The Treemont
Chef Chip Roman’s latest creation treats guests to a wholly enjoyable, wholly unique experience that pays homage to the glories of French cuisine
by Brian Freedman

Before a recent meal at The Treemont, my wife had never enjoyed deviled eggs. Let me clarify: I don’t mean to say that she had never particularly enjoyed them when she tasted them; rather, she had, inexplicably, never actually taken a bite of one.

This was news to me, despite our nearly two-decades-long relationship—which, at that moment, was suddenly on shaky ground.

I was flabbergasted. Over the years, at my prodding, she’s eaten the likes of tripe, sweetbreads, brain and lamb testicles, so I naturally assumed she had, at some point or another, treated herself to the uniquely savory magic that is a properly deviled egg. I had assumed incorrectly.

So her first bite of this culinary jewel, offered here by The Treemont’s chef/owner Chip Roman, caused me no small amount of concern: How, I wondered, would she ever find pleasure in an ordinary deviled egg after sinking her teeth into this delight? Roman’s local hen egg, the yolk swirling with crème fraiche and duck confit, and electrified with pickled mustard seeds and cilantro, was the equivalent of a teetotaler taking a first sip of alcohol by way of a glass of 1982 Château Lafite Rothschild. In the case of the egg and the wine, there’s simply nowhere to go but down. The egg was that tasty.

In other words, Roman and company are plying a uniquely appealing trade at The Treemont, a restaurant that pays homage to the glories of French cuisine. The result, as fans of his other lauded restaurants—Blackfish in Conshohocken and Mica in Chestnut Hill—rightfully expect, is a very successful and wholly enjoyable experience that surprises and comforts in equal measure.

Some of this is due to the team he has assembled, including Leah Kaithern Patterson, the consummate professional who serves as director of operations and acting GM, who runs a restaurant that’s well organized, technically rigorous and thoroughly enjoyable. Dining in the high, narrow space of the second floor brings to mind the sort of casual confidence that is the result of excellent training. The unselfconsciously helpful staff lends to a perfectly pitched environment in which to partake in Roman’s food, which is also brought to fruition by his excellent chef de cuisine, Rob Sidor.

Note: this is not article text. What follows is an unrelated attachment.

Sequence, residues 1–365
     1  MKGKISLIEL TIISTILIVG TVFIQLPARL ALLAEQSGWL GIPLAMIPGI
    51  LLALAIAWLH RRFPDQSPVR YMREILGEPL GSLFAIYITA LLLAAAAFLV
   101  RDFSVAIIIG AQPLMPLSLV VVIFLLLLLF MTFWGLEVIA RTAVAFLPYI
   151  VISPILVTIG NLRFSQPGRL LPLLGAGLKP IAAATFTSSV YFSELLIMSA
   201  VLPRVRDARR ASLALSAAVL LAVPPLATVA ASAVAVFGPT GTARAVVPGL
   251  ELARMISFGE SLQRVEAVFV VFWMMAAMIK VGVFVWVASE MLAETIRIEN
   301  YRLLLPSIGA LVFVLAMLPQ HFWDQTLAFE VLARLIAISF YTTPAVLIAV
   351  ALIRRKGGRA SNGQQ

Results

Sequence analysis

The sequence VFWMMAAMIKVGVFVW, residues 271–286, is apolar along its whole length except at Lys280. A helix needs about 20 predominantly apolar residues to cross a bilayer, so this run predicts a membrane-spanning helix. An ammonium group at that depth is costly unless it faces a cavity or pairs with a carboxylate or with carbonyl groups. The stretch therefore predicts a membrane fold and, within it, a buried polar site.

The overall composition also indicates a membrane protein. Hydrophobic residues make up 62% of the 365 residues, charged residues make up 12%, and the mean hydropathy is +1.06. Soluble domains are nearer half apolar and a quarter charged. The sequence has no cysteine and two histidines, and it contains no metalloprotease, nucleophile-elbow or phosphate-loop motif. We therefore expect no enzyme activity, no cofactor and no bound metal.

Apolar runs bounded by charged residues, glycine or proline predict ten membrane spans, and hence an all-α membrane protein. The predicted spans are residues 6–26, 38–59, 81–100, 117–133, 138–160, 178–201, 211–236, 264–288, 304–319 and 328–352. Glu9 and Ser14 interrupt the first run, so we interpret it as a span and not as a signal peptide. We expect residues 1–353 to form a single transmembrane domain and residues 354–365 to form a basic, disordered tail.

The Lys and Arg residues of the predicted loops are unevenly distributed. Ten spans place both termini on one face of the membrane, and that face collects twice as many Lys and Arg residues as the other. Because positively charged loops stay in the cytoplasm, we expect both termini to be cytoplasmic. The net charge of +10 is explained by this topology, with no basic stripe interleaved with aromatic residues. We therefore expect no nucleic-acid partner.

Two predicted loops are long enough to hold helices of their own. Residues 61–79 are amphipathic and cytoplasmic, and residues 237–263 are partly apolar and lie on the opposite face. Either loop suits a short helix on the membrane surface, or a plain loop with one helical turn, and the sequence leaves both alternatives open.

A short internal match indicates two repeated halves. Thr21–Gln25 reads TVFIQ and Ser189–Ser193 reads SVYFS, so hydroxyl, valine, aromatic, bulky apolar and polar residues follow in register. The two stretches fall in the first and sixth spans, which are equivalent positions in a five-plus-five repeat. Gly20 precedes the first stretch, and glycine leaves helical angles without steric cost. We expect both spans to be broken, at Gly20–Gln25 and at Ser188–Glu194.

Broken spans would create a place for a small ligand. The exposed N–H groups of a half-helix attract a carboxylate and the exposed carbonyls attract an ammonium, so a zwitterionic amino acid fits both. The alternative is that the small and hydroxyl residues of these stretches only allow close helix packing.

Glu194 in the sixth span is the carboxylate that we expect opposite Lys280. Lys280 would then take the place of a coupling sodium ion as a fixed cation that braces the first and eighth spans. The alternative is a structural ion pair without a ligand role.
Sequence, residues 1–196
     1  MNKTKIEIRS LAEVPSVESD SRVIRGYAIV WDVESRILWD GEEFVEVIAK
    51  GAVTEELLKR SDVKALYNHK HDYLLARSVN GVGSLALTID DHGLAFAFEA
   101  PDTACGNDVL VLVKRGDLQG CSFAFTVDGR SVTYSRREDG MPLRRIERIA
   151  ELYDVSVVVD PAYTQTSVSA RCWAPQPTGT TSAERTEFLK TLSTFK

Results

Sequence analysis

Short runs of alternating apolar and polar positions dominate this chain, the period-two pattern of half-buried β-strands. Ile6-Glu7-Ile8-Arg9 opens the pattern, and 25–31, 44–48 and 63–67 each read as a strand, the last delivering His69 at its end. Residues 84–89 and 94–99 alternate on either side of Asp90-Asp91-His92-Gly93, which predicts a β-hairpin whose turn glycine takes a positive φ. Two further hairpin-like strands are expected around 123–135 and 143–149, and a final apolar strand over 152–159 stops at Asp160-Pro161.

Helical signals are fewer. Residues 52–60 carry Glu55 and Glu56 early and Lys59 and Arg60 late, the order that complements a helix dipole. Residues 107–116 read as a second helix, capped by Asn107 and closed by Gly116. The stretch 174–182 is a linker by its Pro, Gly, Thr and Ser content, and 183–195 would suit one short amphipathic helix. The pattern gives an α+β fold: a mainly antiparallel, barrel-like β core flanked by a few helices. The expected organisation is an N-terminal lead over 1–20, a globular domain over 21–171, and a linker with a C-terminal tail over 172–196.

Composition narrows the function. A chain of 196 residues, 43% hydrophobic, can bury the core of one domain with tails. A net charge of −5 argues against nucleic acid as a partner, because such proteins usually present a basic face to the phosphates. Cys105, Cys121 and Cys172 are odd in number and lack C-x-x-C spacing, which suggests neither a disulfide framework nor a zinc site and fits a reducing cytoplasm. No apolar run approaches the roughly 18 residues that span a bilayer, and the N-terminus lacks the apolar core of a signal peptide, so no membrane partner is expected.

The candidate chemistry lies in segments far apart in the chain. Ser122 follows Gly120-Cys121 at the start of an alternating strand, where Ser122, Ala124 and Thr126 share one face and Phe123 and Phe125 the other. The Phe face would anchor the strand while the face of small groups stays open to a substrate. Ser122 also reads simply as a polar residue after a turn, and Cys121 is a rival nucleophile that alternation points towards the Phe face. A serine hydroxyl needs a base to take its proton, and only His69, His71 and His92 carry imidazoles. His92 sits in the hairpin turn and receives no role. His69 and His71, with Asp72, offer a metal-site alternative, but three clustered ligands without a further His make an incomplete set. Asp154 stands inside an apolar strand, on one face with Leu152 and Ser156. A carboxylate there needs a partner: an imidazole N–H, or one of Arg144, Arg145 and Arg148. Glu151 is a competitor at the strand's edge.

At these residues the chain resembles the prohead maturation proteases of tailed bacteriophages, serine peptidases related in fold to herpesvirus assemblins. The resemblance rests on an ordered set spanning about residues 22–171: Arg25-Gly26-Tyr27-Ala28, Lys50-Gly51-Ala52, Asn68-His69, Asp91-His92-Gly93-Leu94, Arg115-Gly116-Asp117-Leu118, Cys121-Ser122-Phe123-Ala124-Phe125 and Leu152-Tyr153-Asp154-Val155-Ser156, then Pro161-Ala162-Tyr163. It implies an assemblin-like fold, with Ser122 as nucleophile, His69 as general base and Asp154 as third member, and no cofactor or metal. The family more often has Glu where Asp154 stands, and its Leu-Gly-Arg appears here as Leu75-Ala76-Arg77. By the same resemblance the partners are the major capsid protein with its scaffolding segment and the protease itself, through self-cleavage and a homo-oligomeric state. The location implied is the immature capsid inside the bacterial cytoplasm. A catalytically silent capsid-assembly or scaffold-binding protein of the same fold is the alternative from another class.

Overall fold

Cobia, for example, cured in vadouvan curry for six hours, gains snap from the ingenious black rice chips and further depth from an attractively broken beet-dashi-cilantro vinaigrette. The tension created by the interaction of all this is remarkable. Beets are also used to excellent effect in a side dish, this time charred, served cold and dressed with balance and exuberance.

Parisian-style gnocchi, the pâté à choux poached then fried, are elegant in texture and rich in flavor. They provide a phenomenal base against which oyster mushrooms, summer squash, pickled zucchini and watermelon radish dance alongside a puree of leek-madeira gel and ivory sauce.

Fans of Blackfish will recognize the beef short rib. Roman has accumulated legions of fans for his overall approach, of course, but the short rib is one of the dishes people mention most frequently. No wonder. The dish is braised overnight with mirepoix and red wine, and glazed with a reduction of that very liquid just before going out to the dining room. With Anson Mills grits, heirloom carrots and the acid burst of a roasted-grape vinaigrette, the dish manages the difficult trick of being simultaneously hearty and sprightly.

This, really, is “onion style” food; the flavors and textures come in layers, and the second bite of a dish often evokes a slightly different sensation than the first. Indeed, it’s food for the mind as much as it is for the palate, with the principle of pleasure guiding it all. That includes the beverage selection, composed of a strong wine list, beer options and intriguing cocktails.

Of course, because this is a Chip Roman restaurant, you are required by the Commonwealth of Pennsylvania—or you should be—to end your meal with some sort of chocolate. He and his team have quietly but assuredly built one of the top chocolatiers in the region with Tradestone, the storefront and café in Conshohocken (right next door to Blackfish) that has become something of a place of pilgrimage for chocoholics around here. Even the chocolate cake at The Treemont—decadent with its layers of cherry, chocolate ganache and pistachio—displays Roman’s confidence with the nectar of the Aztec gods. (You also should order a Tradestone sampler, with two chocolates, two caramels and two cookies.)

My only significant issue with The Treemont, really, is the marital discord it laid bare following what has become known in my house as The Night of the Deviled Egg Incident. My wife has, as expected, become a fan of them but also an inveterate deviled-egg snob. This, I suppose, is bound to happen when your first taste is of Roman’s version. It’s a price worth paying, though, when the food is this good.

The Treemont
231 S. 15th Street, Philadelphia
267-687-2237 |

Photograph by Rob Hall